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(November 16)


On this day Saint George the Great, the Alexandrian, became a martyr.  The father of this holy man was a foreigner, and he was of the men of Alexandria, and he had no son. And the festival of the dedication of the church of Saint George the Martyr in the city of Lydda arrived, now it was celebrated on the seventh day of Khedar, and he entreated Saint George to intercede on his behalf with God so that He might give him a son, and he called his name George.  And the mother of this holy man was the sister of Armenius, governor of the city of Alexandria, and when his parents died, he lived with his mother’s brother; and his days were fifteen years.  And George loved the Church.  Now Armenius had an only daughter, and [one day] she went out with her friends to divert herself, and she found a monastery outside the city of Alexandria wherein monks were gathered together, and they were singing sweet hymns.  And the sound of their hymns and their praises came and penetrated the heart of the maiden, and she began to ask George, the son of her father’s sister, to tell her the meaning of the words of the hymns which the monks were singing.  And as he was explaining to her the meaning of the hymns and making her to understand them, he told her of the punishment which would come upon sinners, and of the peace and joy which would come upon the righteous and the virtuous.  When she returned to her father Armenius she confessed our Lord Jesus Christ before him.  And Armenius began to persuade her, and he said unto her, “O my daughter, do not this thing”; but she would neither listen to his words nor obey him; and he commanded the soldiers to cut off her head, and they cut it off with the sword, and she received the crown of martyrdom in the kingdom of the heavens.  And certain men told the governor, saying, “It is George, thy sister’s son, who hath led astray thy daughter.”  And the governor seized Saint George, and after he had tortured him very severely he sent him to the city of ‘Ensena, where they tortured him very severely, and afterwards cut off his holy head with a sword; and George received the crown of martyrdom in the kingdom of the heavens.  Now there was there a certain deacon whose name was Samuel, and he took his holy body and carried it to the city of Manuf.  And when the wife of Armenius, the brother of the mother of Saint George, knew that George had become a martyr, she sent and took his body and placed it with the body of her daughter in the city of Alexandria.  Salutation to George.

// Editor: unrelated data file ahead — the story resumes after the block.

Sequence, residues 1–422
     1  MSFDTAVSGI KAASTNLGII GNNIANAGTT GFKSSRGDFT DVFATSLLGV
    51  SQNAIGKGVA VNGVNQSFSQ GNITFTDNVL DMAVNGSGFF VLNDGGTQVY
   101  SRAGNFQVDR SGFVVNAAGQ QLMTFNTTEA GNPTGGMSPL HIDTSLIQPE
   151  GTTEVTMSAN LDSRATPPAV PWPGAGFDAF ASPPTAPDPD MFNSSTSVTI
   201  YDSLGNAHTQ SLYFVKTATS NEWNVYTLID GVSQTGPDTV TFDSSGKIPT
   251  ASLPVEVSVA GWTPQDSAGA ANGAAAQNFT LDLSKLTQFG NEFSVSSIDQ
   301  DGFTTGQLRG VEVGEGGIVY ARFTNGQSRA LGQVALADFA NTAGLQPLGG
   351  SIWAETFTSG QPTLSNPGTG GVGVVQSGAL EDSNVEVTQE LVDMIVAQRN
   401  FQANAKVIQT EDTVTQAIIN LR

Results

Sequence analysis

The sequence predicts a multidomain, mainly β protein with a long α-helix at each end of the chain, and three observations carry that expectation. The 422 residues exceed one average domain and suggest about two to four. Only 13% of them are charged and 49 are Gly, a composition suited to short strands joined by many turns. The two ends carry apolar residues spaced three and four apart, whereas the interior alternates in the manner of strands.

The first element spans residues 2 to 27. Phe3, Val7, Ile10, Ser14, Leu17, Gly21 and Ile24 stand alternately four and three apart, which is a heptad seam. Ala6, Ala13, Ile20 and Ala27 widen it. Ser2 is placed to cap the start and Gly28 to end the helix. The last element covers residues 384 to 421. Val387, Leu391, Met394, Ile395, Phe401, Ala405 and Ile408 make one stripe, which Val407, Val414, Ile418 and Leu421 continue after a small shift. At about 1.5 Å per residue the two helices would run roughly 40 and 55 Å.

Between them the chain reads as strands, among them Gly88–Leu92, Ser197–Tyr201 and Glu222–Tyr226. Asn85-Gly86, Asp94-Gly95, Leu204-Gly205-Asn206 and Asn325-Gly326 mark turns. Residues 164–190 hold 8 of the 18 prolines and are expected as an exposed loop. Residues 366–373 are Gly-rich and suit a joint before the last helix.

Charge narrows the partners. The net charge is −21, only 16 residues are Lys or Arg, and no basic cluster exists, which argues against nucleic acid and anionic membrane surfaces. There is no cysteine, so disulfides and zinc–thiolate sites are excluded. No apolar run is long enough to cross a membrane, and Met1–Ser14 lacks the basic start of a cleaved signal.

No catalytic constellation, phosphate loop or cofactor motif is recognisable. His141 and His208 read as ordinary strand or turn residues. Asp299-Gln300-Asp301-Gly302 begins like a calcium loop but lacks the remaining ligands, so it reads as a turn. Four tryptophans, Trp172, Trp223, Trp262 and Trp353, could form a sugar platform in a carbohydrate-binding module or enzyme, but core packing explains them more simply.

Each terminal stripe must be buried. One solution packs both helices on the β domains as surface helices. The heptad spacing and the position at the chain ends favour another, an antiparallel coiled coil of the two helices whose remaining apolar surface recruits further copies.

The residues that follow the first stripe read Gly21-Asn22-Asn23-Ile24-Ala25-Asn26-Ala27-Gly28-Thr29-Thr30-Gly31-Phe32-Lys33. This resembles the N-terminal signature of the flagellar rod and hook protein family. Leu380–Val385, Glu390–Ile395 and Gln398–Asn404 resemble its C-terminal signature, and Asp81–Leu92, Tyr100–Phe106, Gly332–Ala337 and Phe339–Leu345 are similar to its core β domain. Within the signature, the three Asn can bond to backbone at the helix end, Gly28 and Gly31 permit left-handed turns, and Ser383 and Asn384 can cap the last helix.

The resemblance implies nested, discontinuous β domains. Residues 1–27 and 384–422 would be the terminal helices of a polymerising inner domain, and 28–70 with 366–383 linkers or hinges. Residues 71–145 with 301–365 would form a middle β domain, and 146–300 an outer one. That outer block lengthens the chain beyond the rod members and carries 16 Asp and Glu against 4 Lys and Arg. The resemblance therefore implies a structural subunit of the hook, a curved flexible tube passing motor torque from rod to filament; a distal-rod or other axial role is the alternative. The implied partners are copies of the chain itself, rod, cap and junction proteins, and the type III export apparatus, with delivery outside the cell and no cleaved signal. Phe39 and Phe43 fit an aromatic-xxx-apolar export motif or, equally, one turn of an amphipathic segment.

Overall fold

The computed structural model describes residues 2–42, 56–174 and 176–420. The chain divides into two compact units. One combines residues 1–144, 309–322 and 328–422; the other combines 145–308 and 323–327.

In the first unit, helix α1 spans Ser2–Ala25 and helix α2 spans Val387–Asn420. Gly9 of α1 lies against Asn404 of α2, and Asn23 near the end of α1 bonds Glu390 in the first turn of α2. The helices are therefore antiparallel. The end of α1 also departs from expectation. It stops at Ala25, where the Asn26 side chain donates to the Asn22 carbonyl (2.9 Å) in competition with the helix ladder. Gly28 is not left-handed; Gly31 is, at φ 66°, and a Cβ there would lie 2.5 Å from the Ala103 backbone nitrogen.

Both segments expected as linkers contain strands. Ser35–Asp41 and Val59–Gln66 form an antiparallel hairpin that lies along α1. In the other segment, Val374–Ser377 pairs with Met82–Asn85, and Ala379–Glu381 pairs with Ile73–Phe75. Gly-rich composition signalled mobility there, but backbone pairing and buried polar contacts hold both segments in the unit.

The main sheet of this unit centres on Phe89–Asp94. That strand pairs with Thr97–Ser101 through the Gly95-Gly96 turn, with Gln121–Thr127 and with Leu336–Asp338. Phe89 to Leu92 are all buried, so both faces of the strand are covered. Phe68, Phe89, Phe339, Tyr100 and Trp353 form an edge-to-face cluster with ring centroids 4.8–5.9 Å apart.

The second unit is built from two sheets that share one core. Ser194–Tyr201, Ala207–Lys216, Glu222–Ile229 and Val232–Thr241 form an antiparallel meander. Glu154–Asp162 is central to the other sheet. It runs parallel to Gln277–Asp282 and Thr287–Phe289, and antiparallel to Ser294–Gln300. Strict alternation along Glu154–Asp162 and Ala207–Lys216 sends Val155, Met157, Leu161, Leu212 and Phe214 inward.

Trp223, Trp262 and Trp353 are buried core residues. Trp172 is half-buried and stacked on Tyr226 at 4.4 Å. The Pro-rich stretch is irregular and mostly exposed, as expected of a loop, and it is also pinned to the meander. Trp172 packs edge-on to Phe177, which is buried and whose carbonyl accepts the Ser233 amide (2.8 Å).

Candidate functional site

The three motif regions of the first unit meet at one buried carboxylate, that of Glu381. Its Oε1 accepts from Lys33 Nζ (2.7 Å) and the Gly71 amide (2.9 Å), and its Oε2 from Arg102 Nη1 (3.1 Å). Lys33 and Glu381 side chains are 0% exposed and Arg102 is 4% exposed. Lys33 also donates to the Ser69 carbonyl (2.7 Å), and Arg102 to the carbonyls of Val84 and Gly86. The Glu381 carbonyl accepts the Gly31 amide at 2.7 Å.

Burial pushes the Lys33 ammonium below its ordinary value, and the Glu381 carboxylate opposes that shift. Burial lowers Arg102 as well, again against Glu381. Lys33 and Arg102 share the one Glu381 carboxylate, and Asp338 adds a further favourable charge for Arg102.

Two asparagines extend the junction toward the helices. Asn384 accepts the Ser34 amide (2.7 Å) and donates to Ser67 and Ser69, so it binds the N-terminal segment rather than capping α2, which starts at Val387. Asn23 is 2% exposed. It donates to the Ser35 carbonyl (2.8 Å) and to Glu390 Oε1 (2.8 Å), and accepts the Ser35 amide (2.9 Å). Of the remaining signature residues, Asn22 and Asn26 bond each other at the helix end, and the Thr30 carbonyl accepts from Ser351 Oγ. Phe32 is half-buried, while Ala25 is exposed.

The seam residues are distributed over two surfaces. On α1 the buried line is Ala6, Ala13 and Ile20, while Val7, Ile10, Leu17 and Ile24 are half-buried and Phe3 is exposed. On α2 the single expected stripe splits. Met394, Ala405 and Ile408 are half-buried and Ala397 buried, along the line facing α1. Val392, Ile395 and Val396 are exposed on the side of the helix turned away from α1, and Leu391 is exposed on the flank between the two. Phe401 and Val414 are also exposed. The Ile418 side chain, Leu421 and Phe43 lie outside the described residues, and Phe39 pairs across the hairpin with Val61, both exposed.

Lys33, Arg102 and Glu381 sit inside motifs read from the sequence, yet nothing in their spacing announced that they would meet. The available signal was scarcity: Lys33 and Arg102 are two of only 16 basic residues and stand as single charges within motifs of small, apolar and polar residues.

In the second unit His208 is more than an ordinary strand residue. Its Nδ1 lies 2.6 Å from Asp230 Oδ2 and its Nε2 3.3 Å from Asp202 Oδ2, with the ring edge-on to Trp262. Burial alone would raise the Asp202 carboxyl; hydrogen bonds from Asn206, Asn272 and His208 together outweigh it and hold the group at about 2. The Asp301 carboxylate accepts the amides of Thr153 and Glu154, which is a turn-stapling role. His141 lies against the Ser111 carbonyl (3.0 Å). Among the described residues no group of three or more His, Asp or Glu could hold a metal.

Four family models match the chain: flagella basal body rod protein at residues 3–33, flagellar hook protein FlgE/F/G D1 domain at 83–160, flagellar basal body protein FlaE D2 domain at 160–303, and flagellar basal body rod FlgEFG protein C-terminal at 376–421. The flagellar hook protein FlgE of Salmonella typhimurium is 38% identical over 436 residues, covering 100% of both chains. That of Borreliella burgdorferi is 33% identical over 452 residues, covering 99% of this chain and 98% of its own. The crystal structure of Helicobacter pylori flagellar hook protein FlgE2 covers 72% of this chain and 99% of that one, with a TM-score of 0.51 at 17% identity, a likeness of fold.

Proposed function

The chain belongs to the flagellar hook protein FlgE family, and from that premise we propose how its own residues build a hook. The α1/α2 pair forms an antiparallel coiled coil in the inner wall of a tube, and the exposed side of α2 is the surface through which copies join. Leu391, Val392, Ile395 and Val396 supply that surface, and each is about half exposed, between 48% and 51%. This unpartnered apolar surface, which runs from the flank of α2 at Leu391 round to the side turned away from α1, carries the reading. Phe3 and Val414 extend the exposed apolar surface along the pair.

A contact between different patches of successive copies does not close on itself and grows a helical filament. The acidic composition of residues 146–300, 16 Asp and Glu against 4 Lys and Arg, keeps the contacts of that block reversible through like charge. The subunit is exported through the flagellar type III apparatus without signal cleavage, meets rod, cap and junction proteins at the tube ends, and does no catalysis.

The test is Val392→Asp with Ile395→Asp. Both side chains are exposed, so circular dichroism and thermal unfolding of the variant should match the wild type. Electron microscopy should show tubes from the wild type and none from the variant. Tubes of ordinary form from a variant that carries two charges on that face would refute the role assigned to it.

On this day also the holy man Abba Nahrew became a martyr.  This holy man [came] from the district of the Fayyum in the country of Egypt, and he feared God exceedingly.  And when he heard the stories about the martyrs, he went to the city of Alexandria, and wished to die for the sake of the Name of our Lord Jesus Christ.  And [our Lord] said unto him in a vision, “Needs must that thou go and die in the city of Antioch.”  And he pondered in his heart and said, “How can I possibly get there?”  And he sought out a ship in which he could embark.  And God sent unto him the angel Michael who carried him on his wings from the city of Alexandria, and brought him to the city of Antioch, and set him down near Diocletian; and Nahrew confessed the Living God.  And the emperor asked him his name, and the name of his city, and Nahrew told him that he was from the country of Egypt, and the emperor wondered about [the manner of] his coming.  And the emperor tried to persuade him [to deny Christ], and he promised him that he would give him much money, and costly raiment, if he would submit to him and offer sacrifice to his idols, but he would not hearken to what he said unto him.  And the emperor spoke a second time, saying, “I will torture thee with very severe tortures,” but Nahrew was neither afraid of him nor did he obey his command.  And the emperor commanded his soldiers to torture him with many different kinds of tortures.  On the first occasion he drove savage lions to attack him, on the second he burnt him in the fire, on the third he tortured him on the wheel, and on the fourth he boiled him in a large cauldron.  When the emperor was tired to torturing him he commanded his soldiers to cut off his head, and they cut it off and he received the crown of martyrdom in the kingdom of the heavens.  And it came to pass that instead of being martyred in the city of Antioch, all the martyrs who ought to have been martyred in the city of Antioch, were martyred in the land of Egypt; and similarly this holy man Abba Nahrew, who was from the country of Egypt, and should have been martyred in Egypt, received the crown of martyrdom in Antioch.  At that time Saint Julian dwelt in Antioch, and he took the body of Nahrew the martyr and sent it away in charge of two of his servants to his country with great honor. Salutation to the man who was borne on the wings of Michael.